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Ciptapangan Visitor
Avian Flu News Tracker
posted by admin on 20/04/06

Wednesday, April 19 , 2006 at 7:15 p.m.: European governments have drawn up good plans to prepare for a flu pandemic.  

But major gaps remain in their ability to put the blueprints into practice, according to a study published Thursday in Europe by the Lancet medical journal. A survey of 29 European countries published in the journal's online edition found 21 had published a national preparedness plan, as advised by the World Health Organization. However, only three - the U.K., the Netherlands and France - had tested their plans in simulation exercises. The plans were based on estimated death rates from flu of between 230 and 465 people per 100,000. 

6:15 p.m.: Tyson Foods warned that results would be sharply below previous guidance, in part due to the effects of bird-flu fears on chicken consumption. On bird flu, the company said that "H5N1 avian influenza in other parts of the world has reduced U.S. chicken export prices more than expected." Weak chicken and beef prices prompted the company to reduce its full-year per-share earnings view to a range of a loss of 25 cents to a profit of 10 cents. That's well below the estimate of 50 cents to 80 cents it gave in January. 

1:45 p.m: The WHO confirmed China's 17th human case of H5N1, a 21-year-old male migrant worker, and offered a few more details. The man was employed in Wuhan City, Hubei Province, and is presently hospitalized and in stable condition. The source of contact is under investigation as no poultry outbreaks have been reported in Hubei Province since November 2005. 

11:30 a.m.: If bird flu shows up in U.S. chickens or turkeys, the government will kill off any flocks suspected of having the virus even before tests are completed, officials said. "We can't afford for this virus to be smoldering six months before we find it,'' Ron DeHaven, head of the Agriculture Department's Animal and Plant Health Inspection Service, said in an interview with the Associated Press. Most U.S. chickens come from big commercial farms that are well-protected against the spread of disease. Yet there are many small backyard and free-range flocks -- as many as 60,000 in Los Angeles alone -- where birds are outdoors and are harder to protect.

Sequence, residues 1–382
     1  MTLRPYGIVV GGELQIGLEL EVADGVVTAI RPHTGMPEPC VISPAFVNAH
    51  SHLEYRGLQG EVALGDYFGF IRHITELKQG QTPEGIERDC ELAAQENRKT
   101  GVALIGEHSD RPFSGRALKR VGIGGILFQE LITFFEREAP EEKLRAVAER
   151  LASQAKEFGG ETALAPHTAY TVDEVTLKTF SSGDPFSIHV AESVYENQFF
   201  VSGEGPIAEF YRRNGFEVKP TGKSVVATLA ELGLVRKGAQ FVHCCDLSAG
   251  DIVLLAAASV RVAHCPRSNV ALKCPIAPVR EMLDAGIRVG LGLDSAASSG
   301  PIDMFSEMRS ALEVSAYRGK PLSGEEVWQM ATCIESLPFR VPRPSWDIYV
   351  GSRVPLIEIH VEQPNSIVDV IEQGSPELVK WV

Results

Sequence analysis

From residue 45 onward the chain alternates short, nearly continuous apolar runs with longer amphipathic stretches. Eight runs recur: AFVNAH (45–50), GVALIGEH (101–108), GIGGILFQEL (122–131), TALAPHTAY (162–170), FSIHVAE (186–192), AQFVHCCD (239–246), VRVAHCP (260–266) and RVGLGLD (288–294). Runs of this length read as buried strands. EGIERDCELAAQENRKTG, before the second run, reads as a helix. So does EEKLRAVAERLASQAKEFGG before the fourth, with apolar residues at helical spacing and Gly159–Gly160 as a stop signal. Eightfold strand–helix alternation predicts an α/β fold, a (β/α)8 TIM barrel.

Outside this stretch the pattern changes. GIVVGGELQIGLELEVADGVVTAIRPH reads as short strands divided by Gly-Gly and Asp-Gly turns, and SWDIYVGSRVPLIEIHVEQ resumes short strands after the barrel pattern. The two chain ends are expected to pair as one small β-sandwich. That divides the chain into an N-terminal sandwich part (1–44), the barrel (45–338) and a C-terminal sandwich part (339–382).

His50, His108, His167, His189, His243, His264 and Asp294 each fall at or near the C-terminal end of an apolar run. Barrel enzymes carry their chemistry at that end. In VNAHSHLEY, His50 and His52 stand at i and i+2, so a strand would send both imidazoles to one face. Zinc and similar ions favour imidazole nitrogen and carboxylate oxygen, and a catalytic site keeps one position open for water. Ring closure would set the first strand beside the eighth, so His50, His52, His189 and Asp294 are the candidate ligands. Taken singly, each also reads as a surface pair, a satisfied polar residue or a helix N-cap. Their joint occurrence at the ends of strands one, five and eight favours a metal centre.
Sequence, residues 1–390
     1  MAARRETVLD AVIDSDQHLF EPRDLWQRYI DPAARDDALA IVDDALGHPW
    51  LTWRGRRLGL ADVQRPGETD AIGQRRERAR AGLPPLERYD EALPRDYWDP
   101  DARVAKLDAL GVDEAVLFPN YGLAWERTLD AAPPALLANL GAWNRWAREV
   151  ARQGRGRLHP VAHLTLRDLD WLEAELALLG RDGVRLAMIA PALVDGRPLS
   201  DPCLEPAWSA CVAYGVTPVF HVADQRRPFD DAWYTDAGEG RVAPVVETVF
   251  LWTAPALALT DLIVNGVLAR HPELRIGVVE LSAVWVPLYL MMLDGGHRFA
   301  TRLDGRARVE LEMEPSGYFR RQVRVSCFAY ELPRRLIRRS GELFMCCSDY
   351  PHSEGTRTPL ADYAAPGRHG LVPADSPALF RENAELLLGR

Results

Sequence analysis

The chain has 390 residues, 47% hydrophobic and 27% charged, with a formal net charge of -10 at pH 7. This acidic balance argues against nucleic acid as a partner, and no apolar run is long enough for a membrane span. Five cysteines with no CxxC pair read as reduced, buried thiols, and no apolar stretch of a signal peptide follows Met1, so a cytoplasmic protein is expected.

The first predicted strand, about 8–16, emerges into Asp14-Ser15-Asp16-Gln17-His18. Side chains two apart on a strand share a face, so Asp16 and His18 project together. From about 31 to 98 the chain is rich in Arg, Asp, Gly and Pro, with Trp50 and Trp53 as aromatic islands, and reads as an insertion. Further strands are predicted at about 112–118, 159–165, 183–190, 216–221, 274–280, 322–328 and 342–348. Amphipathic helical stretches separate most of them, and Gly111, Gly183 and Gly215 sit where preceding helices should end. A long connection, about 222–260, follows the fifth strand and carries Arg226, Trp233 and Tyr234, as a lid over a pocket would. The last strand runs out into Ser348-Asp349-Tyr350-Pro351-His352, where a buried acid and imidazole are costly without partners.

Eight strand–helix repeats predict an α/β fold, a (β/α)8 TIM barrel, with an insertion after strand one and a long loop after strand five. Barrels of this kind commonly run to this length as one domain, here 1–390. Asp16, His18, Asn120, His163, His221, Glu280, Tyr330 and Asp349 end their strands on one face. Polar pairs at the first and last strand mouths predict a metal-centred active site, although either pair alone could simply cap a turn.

10:10 a.m.: U.S. hospital leaders said they don't have the money for all of the pandemic-preparedness measures the federal government is asking them to make, WebMD reported. "The problem is, we are just good enough for what happens now," W. Frank Peacock, chairman of emergency preparedness at the Cleveland Clinic said at a disaster-preparedness summit sponsored by U.S. News & World Report magazine. "To ask any industry to double its infrastructure with no funding is really a hard row," Peacock said. Read U.S. News' special report on emergency preparedness. 

9:55 a.m.: Five members of an Indonesian family were admitted to a hospital with symptoms of bird flu, the Jakarta Post reported, raising concerns about potential human transmission of the disease. Three other children were already diagnosed with bird flu; two died. "This is serious bad news," Crawford Kilian wrote on his H5N1 blog. "If this really is H5N1, it's the worst single cluster since the Kocyigit family in eastern Turkey in the week after Christmas." Separately, Indonesia confirmed its 24th human death from bird flu. 

4:30 a.m.: Roche said a rapid response stockpile of the antiviral drug Tamiflu was ready and at the disposal of the World Health Organization. The stockpile of three million treatment courses could be used by WHO in response to any pandemic flu outbreak

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